Iranian tankers stranded by threat of US sanctions

A tanker prepares to dock at the Iranian oil facility on Kharg Island, in the Gulf. (AFP)
Updated 13 September 2018
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Iranian tankers stranded by threat of US sanctions

  • Two Iranian oil tankers floating off the UAE for a month as US sanctions take effect
  • The build-up in Iranian oil supplies underscores the pressure that Iran is facing as Washington aims to bring Iranian oil exports down to zero

DUBAI: Two tankers carrying Iranian condensate, a type of ultra-light oil, have been floating off the UAE for about a month as demand for the oil fell ahead of US sanctions.
The tankers, carrying about 2.4 million barrels of South Pars condensate combined, were stranded after South Korea halted imports from Iran and China’s demand fell during summer, according to industry sources and shipping data.
The build-up in Iranian oil supplies underscores the pressure that Iran is facing as Washington aims to bring Iranian oil exports down to zero to force Tehran to re-negotiate a nuclear deal.
The Very Large Crude Carrier (VLCC) Felicity loaded condensate at Iran’s Assaluyeh port in early August and then set sail for Jebel Ali in the UAE, shipping and trade flows data on Thomson Reuters Eikon showed.
It arrived at the ship-to-ship transfer area off Dubai on Aug. 7 and has been anchored there since. Similarly, the Suezmax tanker Salina also loaded oil at Assaluyeh and has been circling in the same area off Dubai since Aug. 17, according to the data.
Oil processors in South Korea, Iran’s top customer for South Pars condensate, halted Iranian oil liftings in July as banks, insurance and shipping companies wound down business related to Iran before US sanctions on the country’s petroleum sector kick in on Nov. 4. China typically cuts South Pars condensate imports in the summer because of its foul smell, the sources said.
The condensate contains high levels of a sulfurous compound known as mercaptans that require additional processing by refiners to remove. “Taking a cargo to China now when China may not want it means it may lose a cargo to India,” a US-based trader said. “So the cargoes will stay in place until they need to leave on agreed delivery period.”
Emirates National Oil Company (ENOC), another buyer of Iranian condensate, has been asked by the UAE government replace Iranian supply with imports from other countries, one of the sources said.
The National Iranian Oil Co. and ENOC did not respond to requests for comment. The number of ships loaded with Iranian oil and anchored off the loading port of Kharg Island and the Souroush oil field has also risen.
Three supertankers capable of carrying 2 million barrels, the Happiness I, MT Hedy and Humanity, have floated for 10 days or more while another four have been there for less than a week. Iran’s August crude and condensate exports fell to 67.7 million barrels, the lowest since April 2017, according to data from Thomson Reuters Oil Research and Forecast.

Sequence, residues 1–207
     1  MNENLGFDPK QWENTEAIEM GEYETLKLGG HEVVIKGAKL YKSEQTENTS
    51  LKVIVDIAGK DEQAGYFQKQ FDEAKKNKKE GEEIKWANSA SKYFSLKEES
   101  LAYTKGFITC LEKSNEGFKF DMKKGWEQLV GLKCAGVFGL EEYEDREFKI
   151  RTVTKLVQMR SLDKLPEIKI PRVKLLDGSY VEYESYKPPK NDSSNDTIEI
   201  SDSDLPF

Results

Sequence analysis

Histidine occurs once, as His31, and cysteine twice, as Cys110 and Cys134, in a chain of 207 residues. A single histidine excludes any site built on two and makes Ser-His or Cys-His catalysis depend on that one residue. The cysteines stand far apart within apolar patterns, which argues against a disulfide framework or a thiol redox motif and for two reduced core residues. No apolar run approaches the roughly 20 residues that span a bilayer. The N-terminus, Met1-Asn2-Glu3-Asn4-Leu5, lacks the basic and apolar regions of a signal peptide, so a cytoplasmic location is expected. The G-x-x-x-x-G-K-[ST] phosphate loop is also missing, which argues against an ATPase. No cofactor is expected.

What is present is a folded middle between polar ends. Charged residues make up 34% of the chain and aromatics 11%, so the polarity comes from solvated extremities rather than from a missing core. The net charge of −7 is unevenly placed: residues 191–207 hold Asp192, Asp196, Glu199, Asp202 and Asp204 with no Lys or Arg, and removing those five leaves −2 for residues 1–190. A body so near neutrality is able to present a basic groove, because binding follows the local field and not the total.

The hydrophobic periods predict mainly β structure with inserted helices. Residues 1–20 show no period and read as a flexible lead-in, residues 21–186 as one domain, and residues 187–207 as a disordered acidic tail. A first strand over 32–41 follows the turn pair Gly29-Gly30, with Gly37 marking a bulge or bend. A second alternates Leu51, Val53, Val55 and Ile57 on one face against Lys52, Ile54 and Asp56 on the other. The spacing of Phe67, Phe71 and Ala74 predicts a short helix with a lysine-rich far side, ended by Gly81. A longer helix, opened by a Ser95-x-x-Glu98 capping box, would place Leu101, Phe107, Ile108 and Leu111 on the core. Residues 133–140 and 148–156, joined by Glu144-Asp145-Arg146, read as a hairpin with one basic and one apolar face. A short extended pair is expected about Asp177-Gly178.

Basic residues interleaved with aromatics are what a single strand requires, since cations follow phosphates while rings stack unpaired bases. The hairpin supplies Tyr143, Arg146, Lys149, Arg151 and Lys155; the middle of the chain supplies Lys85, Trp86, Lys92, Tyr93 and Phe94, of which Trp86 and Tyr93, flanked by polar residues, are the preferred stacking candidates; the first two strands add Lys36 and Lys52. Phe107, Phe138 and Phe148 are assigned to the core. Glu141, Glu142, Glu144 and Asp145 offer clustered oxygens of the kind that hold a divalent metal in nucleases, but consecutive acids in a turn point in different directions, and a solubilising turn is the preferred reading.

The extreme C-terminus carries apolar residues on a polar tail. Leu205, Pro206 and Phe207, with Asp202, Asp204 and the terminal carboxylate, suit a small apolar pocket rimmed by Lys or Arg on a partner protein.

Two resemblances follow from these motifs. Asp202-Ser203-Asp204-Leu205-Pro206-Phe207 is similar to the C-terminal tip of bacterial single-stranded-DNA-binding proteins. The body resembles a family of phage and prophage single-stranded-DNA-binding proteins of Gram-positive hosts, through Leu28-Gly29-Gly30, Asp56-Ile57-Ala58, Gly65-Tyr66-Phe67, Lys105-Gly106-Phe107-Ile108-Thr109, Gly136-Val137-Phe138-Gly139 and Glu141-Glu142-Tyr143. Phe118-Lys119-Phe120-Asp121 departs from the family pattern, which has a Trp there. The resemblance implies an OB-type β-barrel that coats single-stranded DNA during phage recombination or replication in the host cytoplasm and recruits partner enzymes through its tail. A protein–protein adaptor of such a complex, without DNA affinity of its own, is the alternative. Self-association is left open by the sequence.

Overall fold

Siemens CEO pushes plans to boost Iraqi power infrastructure

Updated 23 September 2018
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Siemens CEO pushes plans to boost Iraqi power infrastructure

FRANKFURT: Siemens said its boss Joe Kaeser met Iraq’s prime minister on Sunday to discuss a proposal by the German company to expand the Middle East nation’s power production.
The German engineering group said it was proposing a deal to add 11 gigawatt (GW) of capacity over four years, saying this would boost the country’s capacity by nearly 50 percent.
It did not give a value, but such a contract would be worth several billion euros based on previous comparable deals.
Iraq has a wide gap between electricity consumption and supply. Peak demand in the summer, when people turn on air conditioners due to high temperatures, is about 21 GW, far exceeding the 13 GW the grid is currently provides, experts say.
Kaeser said in a statement after meeting Prime Minister Al-Abadi that they had “discussed the comprehensive Siemens roadmap to build a better future for the Iraqi people.”
“In Egypt, we have done the same and successfully built up the power infrastructure in record time with the highest efficiency,” he said.
In 2015, Siemens signed an 8 billion euro ($9.4 billion) deal with Egypt to supply gas and wind power plants to add 16.4 gigawatts of capacity to the country’s power grid, marking the group’s single biggest order.
The proposal for Iraq, first pitched in February, would include cutting Iraq’s energy losses, introducing smart grids, expanding transmission grids, upgrading existing plants and adding new capacity.
The group would also help the government secure funding from international commercial banks and export credit agencies with German government support, creating thousands of jobs in Iraq.
Siemens would donate a $60 million grant for software for Iraqi universities, it said.